Howard Dean elbowed his way into the 2005 contest for the chairmanship of the Democratic National Committee with the same unbridled energy, litany of ideas big and small and outsized self-confidence that he brought to the 2004 campaign for the party's presidential nomination. And, just as Dean transformed the presidential race, so he has transformed the contest for a position that in recent years has been little more than that of a bagman for candidates who don't actually want to touch the special-interest money.
Dean is not assured of winning the chairmanship. Before the former Vermont governor announced his candidacy on January 11 -- in the form of an "I'm running" e-mail to that very long list of Deaniacs -- Senate Democratic leader Harry Reid and House Democratic leader Nancy Pelosi had sent signals that they would back former Congressman Tim Roemer, a member of the 9/11 Commission who officially entered the race in more classic Washington fashion: with an appearance on ABC-TVs This Week. Former Texas Representative Martin Frost, former Denver Mayor Wellington Webb, former Ohio Democratic Party chairman David Leland, New Democrat Network president Simon Rosenberg, and Donnie Fowler, who briefly managed Wesley Clarks 2004 presidential bid, are mounting less likely candidacies. And Kate Michelman, the former president of NARAL Pro-Choice America, is pondering a bid, inspired at least in part by the fact that Roemer is a foe of abortion rights and that some other candidates have talked about the need to de-emphasize the choice issue.
But it is Dean who can put the race on the front pages and the evening news, and that is precisely where it belongs.
The Democratic Party is a mess. Its decline at the federal, state and local levels, while not universal, has been proceeding for the better part of a decade, and although the miserable results of 2004 contests should have forced a radical reassessment, the party has yet to decide whether it wants to fight its way back to relevance. With Dean there is no uncertainty; while other contenders wrestle with the question of how to position the party in the media-hyped "moral-values" debate, Dean's letter of announcement eschewed triangulation in favor of truth: "That word -- values -- has lately become a codeword for appeasement of the right-wing fringe. But when political calculations make us soften our opposition to bigotry, or sign on to policies that add to the burden of ordinary Americans, we have abandoned our true values." The man who has indicated his willingness to trade another shot at the presidency for the thankless task of reminding Democrats that an opposition party is actually supposed to oppose the party in power launched his run for the chairmanship with a refreshingly blunt assessment of the partisan zeitgeist: "The Democratic Party will not win elections or build a lasting majority solely by changing its rhetoric, nor will we win by adopting the other sides positions. We must say what we mean -- and mean real change when we say it."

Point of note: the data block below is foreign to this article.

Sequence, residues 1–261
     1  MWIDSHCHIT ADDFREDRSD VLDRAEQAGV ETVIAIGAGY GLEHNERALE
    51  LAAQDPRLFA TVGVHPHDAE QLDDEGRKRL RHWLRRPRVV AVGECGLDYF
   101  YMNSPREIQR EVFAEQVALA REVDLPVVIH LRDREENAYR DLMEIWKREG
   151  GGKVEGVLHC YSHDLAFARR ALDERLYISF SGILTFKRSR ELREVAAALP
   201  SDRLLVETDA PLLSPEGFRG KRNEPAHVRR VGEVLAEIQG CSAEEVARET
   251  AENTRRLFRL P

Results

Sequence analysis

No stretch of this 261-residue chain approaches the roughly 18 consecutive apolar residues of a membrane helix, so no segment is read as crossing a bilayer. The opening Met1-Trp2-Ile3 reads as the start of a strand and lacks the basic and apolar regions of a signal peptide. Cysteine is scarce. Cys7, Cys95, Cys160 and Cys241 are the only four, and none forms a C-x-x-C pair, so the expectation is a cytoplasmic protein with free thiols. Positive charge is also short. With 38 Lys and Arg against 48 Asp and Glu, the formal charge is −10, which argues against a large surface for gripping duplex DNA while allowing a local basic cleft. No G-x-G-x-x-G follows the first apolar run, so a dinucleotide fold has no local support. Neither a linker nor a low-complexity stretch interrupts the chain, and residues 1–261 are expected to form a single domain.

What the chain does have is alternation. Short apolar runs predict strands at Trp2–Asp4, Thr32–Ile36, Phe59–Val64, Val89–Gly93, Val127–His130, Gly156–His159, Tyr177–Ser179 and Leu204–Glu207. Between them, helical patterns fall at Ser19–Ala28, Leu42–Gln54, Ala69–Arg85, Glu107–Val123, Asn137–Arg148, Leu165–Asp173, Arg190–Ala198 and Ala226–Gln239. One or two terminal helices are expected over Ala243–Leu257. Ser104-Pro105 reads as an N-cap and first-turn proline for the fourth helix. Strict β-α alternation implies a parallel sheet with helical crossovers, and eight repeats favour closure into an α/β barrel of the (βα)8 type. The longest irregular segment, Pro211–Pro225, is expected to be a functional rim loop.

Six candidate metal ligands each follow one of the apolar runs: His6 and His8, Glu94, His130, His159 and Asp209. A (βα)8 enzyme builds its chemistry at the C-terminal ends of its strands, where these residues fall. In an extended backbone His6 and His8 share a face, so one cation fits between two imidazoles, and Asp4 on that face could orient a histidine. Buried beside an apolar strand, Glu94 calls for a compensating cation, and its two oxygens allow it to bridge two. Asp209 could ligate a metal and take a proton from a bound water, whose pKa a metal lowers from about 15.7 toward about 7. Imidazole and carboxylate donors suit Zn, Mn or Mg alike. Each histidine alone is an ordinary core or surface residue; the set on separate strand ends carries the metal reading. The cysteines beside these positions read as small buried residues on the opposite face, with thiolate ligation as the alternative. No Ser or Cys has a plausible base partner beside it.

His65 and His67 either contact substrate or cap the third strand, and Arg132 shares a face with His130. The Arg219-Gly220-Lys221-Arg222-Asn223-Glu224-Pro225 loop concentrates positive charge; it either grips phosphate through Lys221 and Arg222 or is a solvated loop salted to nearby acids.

Dean is, of course, correct. But is he the correct candidate for the chairmanship? His presidential run was inspired in its use of new technologies and grassroots fundraising, in its willingness to get ahead on issues like the war and in the overall boldness of its approach -- all characteristics that a resurgent Democratic Party must emulate. But Dean's penchant for causing unnecessary controversy, his often testy relations with the media and lingering memories of his 2004 campaigns collapse will cause qualms even among some progressives. Ultimately, however, Dean is the candidate against whom the 447 delegates to the party's winter meeting on February 10-12 will measure the other contenders. And the physician will have plenty of opportunity at upcoming party meetings in St. Louis, Sacramento and New York to make the case that he's got the cure for what ails the country's oldest political party.
Democrats need a great big, high-profile fight over what they want their party to be, and Deans candidacy will give them that. What remains to be seen is whether it will give them a rationale for finishing the internal fight and finally taking the battle to George W. Bush and the Republicans.
John Nichols, The Nation's Washington correspondent, has covered progressive politics and activism in the United States and abroad for more than a decade. He is currently the editor of the editorial page of Madison, Wisconsin's Capital Times. Nichols is the author of two books: Its the Media, Stupid and Jews for Buchanan.
By John Nichols
Reprinted with permission from the The Nation